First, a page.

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Posted: Friday August 1, 2008 11:47AM; Updated: Saturday August 2, 2008 10:22AM
Grant Wahl Grant Wahl >
INSIDE OLYMPIC SOCCER

Danish coach accuses Chinese of spying (cont.)

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China beat Denmark 3-2 at the Women's World Cup last September following allegations that the Danish were videotaped by Chinese officials.
China beat Denmark 3-2 at the Women's World Cup last September following allegations that the Danish were videotaped by Chinese officials.
AP

Heiner-Møller now says that he spoke with Domanski-Lyfors about the incidents after the game. Neither he nor Eggers Nielsen think that Domanski-Lyfors or her assistant coach on the Chinese team, Pia Sundhage, had anything to do with the dirty tricks or surveillance before the game. "I think Marika is a good coach," Heiner-Møller says. "I like her personally and also professionally. So there was nothing between her and me at all."

Sundhage, who like Domanski-Lyfors is Swedish, is now the head coach of the U.S. women's soccer team. When I asked Sundhage about the incidents, she said she had no part in the harassment and surveillance involving the Danish team last year.

"We didn't know anything," Sundhage told me, "and when I say we, I mean the head coach [Domanski-Lyfors] and me as the assistant coach. Coming from Sweden, we know Denmark very well. We played against them, we watched them, so it wouldn't have been necessary to do any cheating in order to see how they play.

"After awhile we found out there were rumors about Chinese leaders having done this and that. Honestly, we just shook our heads and didn't know what was going on."

Eleven months later, members of the Danish team still don't know the identities of the two men who were caught behind the mirror at their hotel in Wuhan. "After the tournament we contacted FIFA and had a lot of questions about how this was at all possible in a World Cup," says Schou Nielsen, the Danish press officer. "FIFA took it onto the Chinese authorities and the local organizing committee, who are in contact with the [Chinese] police and the hotel. In November we got a letter from FIFA, which again apologized. They were told by police that it wasn't sports-related."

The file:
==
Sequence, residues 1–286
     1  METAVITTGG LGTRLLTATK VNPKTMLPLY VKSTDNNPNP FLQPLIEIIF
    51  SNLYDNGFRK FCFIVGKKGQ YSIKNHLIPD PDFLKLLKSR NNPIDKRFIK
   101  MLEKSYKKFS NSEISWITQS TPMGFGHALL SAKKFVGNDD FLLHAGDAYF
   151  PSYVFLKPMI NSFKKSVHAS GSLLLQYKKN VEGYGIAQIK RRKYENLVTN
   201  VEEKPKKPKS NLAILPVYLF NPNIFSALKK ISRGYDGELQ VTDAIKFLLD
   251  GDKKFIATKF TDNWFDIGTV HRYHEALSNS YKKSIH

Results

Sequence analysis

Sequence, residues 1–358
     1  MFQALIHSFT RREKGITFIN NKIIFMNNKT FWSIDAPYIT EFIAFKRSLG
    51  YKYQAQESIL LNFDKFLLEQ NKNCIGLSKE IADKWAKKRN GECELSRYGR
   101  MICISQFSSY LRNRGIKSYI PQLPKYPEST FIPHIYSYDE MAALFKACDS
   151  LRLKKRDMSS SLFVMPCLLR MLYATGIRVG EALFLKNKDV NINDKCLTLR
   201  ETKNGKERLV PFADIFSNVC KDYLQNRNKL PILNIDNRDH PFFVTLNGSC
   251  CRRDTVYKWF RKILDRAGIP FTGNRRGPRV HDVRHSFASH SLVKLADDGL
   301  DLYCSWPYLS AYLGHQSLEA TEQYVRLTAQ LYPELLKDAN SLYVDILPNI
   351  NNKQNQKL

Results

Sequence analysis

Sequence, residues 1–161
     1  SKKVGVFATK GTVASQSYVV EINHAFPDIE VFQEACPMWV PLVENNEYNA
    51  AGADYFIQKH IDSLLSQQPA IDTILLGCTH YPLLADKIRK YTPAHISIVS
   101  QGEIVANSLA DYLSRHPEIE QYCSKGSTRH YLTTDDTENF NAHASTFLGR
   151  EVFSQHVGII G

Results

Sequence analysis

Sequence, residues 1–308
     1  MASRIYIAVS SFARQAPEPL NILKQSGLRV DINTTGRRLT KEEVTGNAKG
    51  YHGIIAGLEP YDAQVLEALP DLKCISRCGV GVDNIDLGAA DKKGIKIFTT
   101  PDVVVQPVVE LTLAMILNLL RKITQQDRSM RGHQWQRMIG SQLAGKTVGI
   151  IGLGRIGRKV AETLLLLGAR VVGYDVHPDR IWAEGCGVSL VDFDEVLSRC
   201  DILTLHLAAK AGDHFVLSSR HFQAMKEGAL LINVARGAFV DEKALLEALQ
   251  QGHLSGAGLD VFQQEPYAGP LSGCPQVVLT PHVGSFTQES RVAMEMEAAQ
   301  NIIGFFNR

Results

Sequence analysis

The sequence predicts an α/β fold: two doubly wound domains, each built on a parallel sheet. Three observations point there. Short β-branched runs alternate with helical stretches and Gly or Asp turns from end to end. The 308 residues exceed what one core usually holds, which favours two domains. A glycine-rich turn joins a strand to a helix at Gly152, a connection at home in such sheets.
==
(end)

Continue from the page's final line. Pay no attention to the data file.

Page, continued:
To the Danish players' surprise, the men who run the Danish soccer federation decided not to pursue the matter further. "FIFA and our federation agreed it wasn't a sporting matter," says Eggers Nielsen, who has retired from the national team. "I can't understand how they can say that, because it's pretty obvious that's why they were there. I think that FIFA didn't want to do anything about it because of the Chinese, and our federation didn't want to do anything about it because of FIFA. I guess they're afraid of FIFA, and because it was a women's team it didn't matter."

In May and June, Eggers Nielsen sent letters of protest from some of the Danish team members to the Ethics Commission of the International Olympic Committee. The goal, she says, was to launch an inquiry into what happened in China last year. But the IOC replied that it would not pursue a case over which FIFA had jurisdiction.

FIFA, for its part, considers the case closed.

"FIFA has great respect for every team's need for privacy during its events," FIFA spokesman Nicolas Maingot wrote to SI.com in an e-mail. "We were therefore very troubled when we learned of the disruption of a Danish team's private meeting last year at the 2007 FIFA Women's World Cup. FIFA deemed to have used all appropriate means available to a sports federation to deal with this case as intensively as possible and therefore considers this regrettable incident as closed."

Zhu Wenxiu, a media official for the Chinese Football Association, denied the allegations to Agence France-Presse after the China-Denmark game last year. "We heard about this but after an investigation it was found there was no such incident," he said.

For his part, Heiner-Møller continues coaching the Danish team, which didn't qualify for the upcoming Olympic soccer tournament. "One thing I learned from being in China is that I am not going to accuse anybody of anything," he says. "These guys at our closed practice session, maybe they were from a TV company? Maybe they think I am a fantastic coach and want to see how you are going to make your set-pieces, because that's what you are doing in closed sessions?"

Does Heiner-Møller have any advice for visiting delegations at the Olympics?

"I wouldn't tell anybody that they should look over their shoulder or anything like that, but I think that in every preparation, if you're going to the Olympics in the U.S. or London or China, you have to find out which kind of challenges do you meet in these countries," he says. "I hope the Chinese Olympic committee and football federation have learned from this, and in the future will make sure this doesn't happen again. It doesn't matter if it was a TV crew or somebody from the hotel or whoever it was. Because I don't think that's the way that anybody should be treated at a World Cup or an Olympics."

Heiner-Møller says he has tried to move on from a forgettable Women's World Cup. He was suspended for Denmark's last two games of the first round after FIFA ruled that he had come into contact with the fourth official while trying to exhort his team in the final minutes of the loss to China.

Nearly a year later, I asked Heiner-Møller if he had received any personal apologies from World Cup organizers after he discovered the two camera-toting intruders behind the one-way mirror.

"No. Not at all," he said. "I got a suspension."

 
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